I don’t want to do that here, in the moonlight, with Ethan. I want him to see me. “Just because I had the words tattooed on me doesn’t mean I believe them all the time.” I swallow. “Or even most of the time. The truth is, if I believed them, I wouldn’t need them there.”

“I like that you found a way to remind yourself. You found a strength in yourself that my wife always looked for in me.” We stop in front of the barn, and Ethan tucks his hands into his pockets. “Elena killed herself on Christmas Eve three years ago.”

My breath catches—not because the confession comes as a surprise but because he’s telling me at all. “I’m so sorry, Ethan.”

“When I married her, I knew she struggled with depression. But it didn’t matter. We loved each other, and we were stronger together.” He tilts his face up to the sky. “But it only got worse after she had Lilly. The darkness swallowed her, and I didn’t handle it well. I resented her sadness. I’m a doctor. I know it wasn’t a choice for her. I know depression isn’t something you can shake off or snap out of. But that didn’t change the fact that when she was low, it was like she was punishing all of us. The whole house seemed darker, and everything she did was with this spirit of anger. I felt like I couldn’t do anything right.”

I step forward and reach for his hand. There’s nothing I can say, so I weave my gloved fingers through his and squeeze.

“When she was up, we were unstoppable. We were good together and so damn happy. When she was up, I felt like every failed marriage in the world should just look at us and see how to do it right.” He swallows, and in the moonlight, I can see the pain wash over his face. “But when she was down . . . when she was down, I felt like my marriage was a prison, and I resented her for locking me in it.”

I swallow and study his face. I understand that he needs to tell this story the way he feels it, but it’s killing me to have him present the struggles of their marriage as his own shortcomings, as if he was entirely at fault, when I know that’s not true. “How long was she having an affair?”

His gaze drops to mine, and I see the shock in his eyes. “I honestly don’t know. Things hadn’t been good for us for a long time when a colleague told me about Elena and Mike.” His jaw goes hard. “I found out about him on Christmas Eve, and I fucking lost my mind. Here I was, living with her, day in and day out, trying to save her from the darkness, feeling . . .” He snaps his mouth shut, and I squeeze his hand again. “On some level, I felt like her depression was my fault. I was ready to turn our lives upside down to save her from it. She missed California—even though she hadn’t lived there since she was a teenager—but I was going to leave my practice, leave my family, and move us out there. I was going to let go of everything to save a woman I wasn’t even sure loved me anymore. Meanwhile, she was fucking my best friend.”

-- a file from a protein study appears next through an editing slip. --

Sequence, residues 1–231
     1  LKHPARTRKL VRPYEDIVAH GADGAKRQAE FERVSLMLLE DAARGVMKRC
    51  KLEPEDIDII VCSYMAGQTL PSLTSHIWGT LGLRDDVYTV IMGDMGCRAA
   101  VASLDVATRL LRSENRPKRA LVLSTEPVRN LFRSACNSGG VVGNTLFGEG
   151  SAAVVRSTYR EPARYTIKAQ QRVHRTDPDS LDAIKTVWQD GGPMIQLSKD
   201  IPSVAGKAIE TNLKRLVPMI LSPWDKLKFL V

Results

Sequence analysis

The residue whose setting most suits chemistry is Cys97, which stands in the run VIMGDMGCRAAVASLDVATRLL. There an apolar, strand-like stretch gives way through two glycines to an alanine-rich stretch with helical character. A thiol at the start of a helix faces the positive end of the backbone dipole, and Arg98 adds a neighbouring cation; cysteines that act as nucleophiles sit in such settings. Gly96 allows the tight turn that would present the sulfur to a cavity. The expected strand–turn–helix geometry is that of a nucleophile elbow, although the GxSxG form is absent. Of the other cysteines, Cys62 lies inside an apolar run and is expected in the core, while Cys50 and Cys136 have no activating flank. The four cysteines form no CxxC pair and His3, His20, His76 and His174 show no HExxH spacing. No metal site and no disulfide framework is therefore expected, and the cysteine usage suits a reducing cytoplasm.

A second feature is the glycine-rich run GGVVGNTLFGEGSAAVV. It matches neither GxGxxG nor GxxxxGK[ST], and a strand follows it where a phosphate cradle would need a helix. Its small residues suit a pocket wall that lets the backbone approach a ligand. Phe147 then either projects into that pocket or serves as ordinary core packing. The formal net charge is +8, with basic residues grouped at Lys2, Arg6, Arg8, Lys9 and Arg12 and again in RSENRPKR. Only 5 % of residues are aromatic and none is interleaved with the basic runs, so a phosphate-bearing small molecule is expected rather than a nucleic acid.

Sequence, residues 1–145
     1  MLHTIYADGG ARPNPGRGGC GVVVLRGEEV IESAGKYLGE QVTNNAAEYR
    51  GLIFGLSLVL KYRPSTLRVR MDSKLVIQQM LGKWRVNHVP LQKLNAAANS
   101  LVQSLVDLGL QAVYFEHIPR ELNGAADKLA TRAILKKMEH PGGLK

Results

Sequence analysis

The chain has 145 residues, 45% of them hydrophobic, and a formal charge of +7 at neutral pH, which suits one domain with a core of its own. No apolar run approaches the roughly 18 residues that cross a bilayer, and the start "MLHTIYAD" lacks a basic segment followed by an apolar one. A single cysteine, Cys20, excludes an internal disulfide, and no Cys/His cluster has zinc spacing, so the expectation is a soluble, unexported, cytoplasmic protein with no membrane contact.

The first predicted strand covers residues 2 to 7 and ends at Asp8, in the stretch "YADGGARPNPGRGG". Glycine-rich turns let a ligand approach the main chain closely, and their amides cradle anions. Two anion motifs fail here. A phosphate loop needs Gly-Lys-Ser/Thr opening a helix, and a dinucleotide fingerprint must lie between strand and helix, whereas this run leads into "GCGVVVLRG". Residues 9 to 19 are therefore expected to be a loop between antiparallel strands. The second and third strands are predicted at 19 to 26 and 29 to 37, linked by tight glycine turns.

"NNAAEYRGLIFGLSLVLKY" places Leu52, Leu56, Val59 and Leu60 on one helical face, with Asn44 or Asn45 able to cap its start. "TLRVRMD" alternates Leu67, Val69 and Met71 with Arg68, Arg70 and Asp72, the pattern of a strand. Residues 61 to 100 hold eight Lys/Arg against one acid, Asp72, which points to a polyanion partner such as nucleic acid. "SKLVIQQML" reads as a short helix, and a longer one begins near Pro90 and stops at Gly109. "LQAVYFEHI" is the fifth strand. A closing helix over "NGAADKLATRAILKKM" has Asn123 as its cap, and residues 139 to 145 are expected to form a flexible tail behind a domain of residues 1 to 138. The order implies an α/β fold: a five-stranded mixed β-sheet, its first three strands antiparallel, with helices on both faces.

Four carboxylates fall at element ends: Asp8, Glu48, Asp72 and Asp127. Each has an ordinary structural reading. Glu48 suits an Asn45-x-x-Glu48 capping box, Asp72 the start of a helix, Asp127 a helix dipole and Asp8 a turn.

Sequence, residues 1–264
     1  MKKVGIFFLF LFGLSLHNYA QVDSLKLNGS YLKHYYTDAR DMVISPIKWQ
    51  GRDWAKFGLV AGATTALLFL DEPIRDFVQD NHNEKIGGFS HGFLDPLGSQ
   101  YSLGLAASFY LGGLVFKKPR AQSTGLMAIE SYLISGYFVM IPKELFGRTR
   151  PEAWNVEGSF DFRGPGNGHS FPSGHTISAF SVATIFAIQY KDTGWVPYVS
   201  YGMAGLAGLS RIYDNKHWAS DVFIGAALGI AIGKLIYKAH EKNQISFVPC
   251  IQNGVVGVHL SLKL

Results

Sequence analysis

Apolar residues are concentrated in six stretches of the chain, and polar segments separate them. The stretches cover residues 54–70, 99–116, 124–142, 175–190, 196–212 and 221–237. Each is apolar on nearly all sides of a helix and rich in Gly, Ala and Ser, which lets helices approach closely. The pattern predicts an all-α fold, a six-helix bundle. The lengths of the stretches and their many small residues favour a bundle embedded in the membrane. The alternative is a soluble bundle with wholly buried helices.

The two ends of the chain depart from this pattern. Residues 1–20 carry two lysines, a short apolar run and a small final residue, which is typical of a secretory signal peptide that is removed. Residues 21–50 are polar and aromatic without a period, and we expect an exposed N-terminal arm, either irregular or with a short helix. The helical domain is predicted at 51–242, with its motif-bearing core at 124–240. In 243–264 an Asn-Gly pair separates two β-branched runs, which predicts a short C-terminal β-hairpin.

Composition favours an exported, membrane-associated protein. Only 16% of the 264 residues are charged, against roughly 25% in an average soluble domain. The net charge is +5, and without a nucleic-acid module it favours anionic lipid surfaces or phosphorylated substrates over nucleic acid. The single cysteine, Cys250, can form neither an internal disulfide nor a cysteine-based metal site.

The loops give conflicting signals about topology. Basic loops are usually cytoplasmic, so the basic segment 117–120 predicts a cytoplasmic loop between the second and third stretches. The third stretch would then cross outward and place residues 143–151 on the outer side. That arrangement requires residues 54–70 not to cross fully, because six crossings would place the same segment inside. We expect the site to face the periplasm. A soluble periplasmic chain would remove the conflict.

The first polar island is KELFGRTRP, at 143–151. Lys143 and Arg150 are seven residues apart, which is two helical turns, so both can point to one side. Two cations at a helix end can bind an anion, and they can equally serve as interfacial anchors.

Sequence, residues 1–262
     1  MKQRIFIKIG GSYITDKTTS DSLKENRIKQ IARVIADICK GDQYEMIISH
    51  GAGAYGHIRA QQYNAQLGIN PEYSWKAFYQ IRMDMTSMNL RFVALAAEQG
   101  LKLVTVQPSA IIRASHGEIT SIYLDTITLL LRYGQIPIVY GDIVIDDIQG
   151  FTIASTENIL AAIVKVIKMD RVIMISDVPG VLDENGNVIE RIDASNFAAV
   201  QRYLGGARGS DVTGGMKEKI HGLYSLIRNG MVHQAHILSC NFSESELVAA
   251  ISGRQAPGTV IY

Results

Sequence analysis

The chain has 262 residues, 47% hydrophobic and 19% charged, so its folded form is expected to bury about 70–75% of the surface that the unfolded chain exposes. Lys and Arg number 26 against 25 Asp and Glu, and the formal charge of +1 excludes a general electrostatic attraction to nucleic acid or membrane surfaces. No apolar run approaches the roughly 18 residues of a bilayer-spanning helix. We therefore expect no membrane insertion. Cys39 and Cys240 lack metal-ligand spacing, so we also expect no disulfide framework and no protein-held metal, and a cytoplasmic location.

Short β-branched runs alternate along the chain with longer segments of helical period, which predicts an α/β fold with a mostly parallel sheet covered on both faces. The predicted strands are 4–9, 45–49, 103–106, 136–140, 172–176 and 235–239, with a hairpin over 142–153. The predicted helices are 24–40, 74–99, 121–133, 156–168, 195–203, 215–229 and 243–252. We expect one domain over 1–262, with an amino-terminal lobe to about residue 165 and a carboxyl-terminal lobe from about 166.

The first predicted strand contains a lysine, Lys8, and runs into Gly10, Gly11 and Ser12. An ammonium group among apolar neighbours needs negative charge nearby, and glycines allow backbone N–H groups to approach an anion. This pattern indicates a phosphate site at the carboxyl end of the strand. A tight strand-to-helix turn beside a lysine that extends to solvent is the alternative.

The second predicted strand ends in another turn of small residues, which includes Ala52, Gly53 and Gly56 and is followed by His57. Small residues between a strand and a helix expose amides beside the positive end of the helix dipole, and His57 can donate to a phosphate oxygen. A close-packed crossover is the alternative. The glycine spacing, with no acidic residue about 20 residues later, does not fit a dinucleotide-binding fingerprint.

I gasp. I suspected the affair, but I never had any clue it was with someone close to Ethan. I put my hand on his chest, search for the reassuring thrum of his heart under my fingertips. “Ethan . . .”

“I told her I wanted her to leave. I didn’t want her in my life anymore. She begged me to reconsider. She told me what was between her and Mike had been a mistake—a horrible mistake. And that she’d only been with him because it made her feel closer to me when I was being so distant.” He closes his eyes, and when he opens them again, he returns his gaze to the sky, as if he might find answers floating around somewhere up there. Or maybe he’s just ashamed that he responded to heartbreak and betrayal like any human would. “I told her to get out and that I didn’t want to look at her. I watched her drive away from me and Lilly on Christmas Eve.”

“I’m so sorry. That must have been awful.”

“But it wasn’t. That’s the worst part. It wasn’t awful at all.” His voice cracks—shame making the confession brittle. “All I could think when she drove away was that I was grateful to be free of her—free of the constant guilt and pain of watching her suffer from her own demons. I went to bed relieved that my marriage was over.” He places a hand on top of the one I have on his chest and closes his eyes. “Then, sometime in the middle of the night, she came back and finished off all the pills she had in the house. She knew I was done. That I couldn’t save her from the darkness anymore.”

Tags: Lexi Ryan Erotic
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